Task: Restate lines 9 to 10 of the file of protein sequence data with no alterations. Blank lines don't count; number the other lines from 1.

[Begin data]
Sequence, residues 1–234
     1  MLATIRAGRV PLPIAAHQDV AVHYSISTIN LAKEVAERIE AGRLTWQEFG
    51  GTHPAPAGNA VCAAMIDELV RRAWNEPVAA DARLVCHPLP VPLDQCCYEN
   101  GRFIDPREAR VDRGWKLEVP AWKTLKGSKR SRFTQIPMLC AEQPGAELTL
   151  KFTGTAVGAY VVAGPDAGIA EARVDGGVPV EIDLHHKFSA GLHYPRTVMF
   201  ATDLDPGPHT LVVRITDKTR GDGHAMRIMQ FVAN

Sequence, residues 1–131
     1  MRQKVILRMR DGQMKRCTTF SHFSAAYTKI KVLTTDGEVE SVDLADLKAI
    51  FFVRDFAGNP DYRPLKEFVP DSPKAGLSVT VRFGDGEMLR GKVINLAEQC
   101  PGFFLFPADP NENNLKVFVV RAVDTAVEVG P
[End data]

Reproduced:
    51  FFVRDFAGNP DYRPLKEFVP DSPKAGLSVT VRFGDGEMLR GKVINLAEQC
   101  PGFFLFPADP NENNLKVFVV RAVDTAVEVG P